The courage to explore and experiment contains within it the element of imperfection. Edison tried 5000 combinations of things to find 1 that worked. 4,999 failures according to most. He saw it as 4,999 steps to success. Whatever we have a passion to do accepting it all, the good, the bad, the struggle opens us up to a greater guidance that is undeniable and sacred. Every world changing discovery or accomplishment was strewn with challenge and defeat and glitches. But if those brave people hadn’t at least tried then how much less would we all be. But because of their courage on the road to their vision amazing gifts come to others.
Those that we remember and that change history are the very ones who risked, looked like failures, grappled with their own insecurities but pressed on towards the mark despite it all; being driven by something that is indescribable but ultimately divine. In the life of an artist, a scientist or whomever this drive to share something with another is enough and it will find it’s way to those to whom it matters.
Image: Nicola Tassie’s ceramics
ORTV Link for Segment on the Kardash Onnig installation at Wisdom House. It starts at 15 minutes into the show so begin there.Feel free to comment on the piece and share the link.
Being an image maker or thought presenter wields great power as history has shown. Generations have been defined by the images and ‘sayings’ that each has produced. Who doesn’t remember ‘where’s the beef?’ or ‘make love not war’. Think of the peace sign and people like Milton Glaser, Andy Warhol, Peter Max, Ferlinghetti, Robert Indiana and a host of others in all mediums who were masters of this skill. The arts have always reflected the society in which they have lived and have simultaneously responded to and led generations.
Contained within an artist’s repertoire are tools of seduction as well as meaning. We can very easily tickle the eye with color, shine, glitz, novelty of all sorts and give the impression of art while in fact it might contain very little of that. There is the appearance of art and then there is art. The modern day world contains both and is sometimes hard to distinguish. The art fair has taken on the modalities used by malls and retail philosophies for the ultimate goal of the sale. Of necessity the best galleries have mastered this form of influence.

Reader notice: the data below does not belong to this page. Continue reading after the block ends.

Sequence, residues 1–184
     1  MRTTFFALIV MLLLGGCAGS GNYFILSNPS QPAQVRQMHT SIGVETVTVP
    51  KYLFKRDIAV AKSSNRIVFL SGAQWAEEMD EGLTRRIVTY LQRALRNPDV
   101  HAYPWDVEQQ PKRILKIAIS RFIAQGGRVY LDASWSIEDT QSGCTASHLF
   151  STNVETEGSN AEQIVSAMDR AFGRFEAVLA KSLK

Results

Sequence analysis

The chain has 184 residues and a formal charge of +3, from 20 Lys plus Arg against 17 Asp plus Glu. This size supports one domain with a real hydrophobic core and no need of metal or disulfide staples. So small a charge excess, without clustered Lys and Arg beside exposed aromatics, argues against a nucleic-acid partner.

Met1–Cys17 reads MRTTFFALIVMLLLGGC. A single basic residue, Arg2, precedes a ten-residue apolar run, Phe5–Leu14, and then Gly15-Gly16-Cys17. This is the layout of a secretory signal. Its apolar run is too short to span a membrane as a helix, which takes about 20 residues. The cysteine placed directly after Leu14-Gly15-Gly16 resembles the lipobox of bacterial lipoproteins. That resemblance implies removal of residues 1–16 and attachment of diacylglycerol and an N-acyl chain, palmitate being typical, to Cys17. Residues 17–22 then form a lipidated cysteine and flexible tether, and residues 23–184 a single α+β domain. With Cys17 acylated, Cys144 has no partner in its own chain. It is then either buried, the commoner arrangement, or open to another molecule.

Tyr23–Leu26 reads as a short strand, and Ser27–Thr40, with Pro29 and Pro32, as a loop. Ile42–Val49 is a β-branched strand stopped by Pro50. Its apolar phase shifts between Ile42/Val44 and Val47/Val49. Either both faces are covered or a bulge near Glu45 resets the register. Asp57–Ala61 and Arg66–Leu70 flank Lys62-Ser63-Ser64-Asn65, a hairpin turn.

But a little beyond that there is an enclave of something else that might be a bit more challenging in both its craft and intended meaning. To me this is the arena of the beauty of soul. It tends not to fit into the accepted showrooms of art but breaths its own life in its own way. While it may challenge and test the limits of our own understanding of meaning and beauty it contains traits and emotional content that is undeniable. I have seen from the gallery side, with my experience with the viewer or collector, that most aficionados of art are looking for something specific to fill a need within themselves. ‘This disturbs me, I could never live with that!’ is one familiar comment. ‘I have blue drapes and this would just fit so well in my room’ is another. ‘I really don’t want anything sad around me so these pieces definitely don’t work for me’ is another. So every exhibit or work of art has filters applied to it. YET when we go to the theater or read a book or listen to music the challenging elements and the fullness of the contrast enhances our experience.
So artists tend to adapt to the market seeking approval, which is a human need, and then develop mechanisms to feed that craving. The beauty of soul disregards the tendency of approval and imposes its own will on the world. Take it or leave it. In this ‘letting go’ is where I have seen the most moving work and in actuality the best people. It takes some effort to find but it is there alongside all of the other stuff we have come to call art. In a politically correct world where authentic ideas can be crushed for not following party lines I find originality and courage of high value. It takes courage these days to be true to yourself knowing that if someone is offended by your work all hell can break loose. But this might be the new price we have to pay for the Beauty of Soul.
image: in my ongoing quest to include notable work as the blog image I have focused on Mexican artist Javier Marin this week. I find his work amazingly compelling both from the making point of view as well as emotional content.
Next Saturday, June 3rd, 3PM at Wisdom House Chapel, Litchfield, CT we will host an artist’s walkaround through the Transfourming Sorrow installation. Kardash Onnig will discuss the inspiration for this multi-sensory installation as well as take questions from attendees. A lively discussion will be guaranteed and the public is invited to attend.
The Wisdom House link is below with all of the details of the event.
Also tomorrow morning at 10:30 there will be a television segment on the installation and the link for live streaming is also below.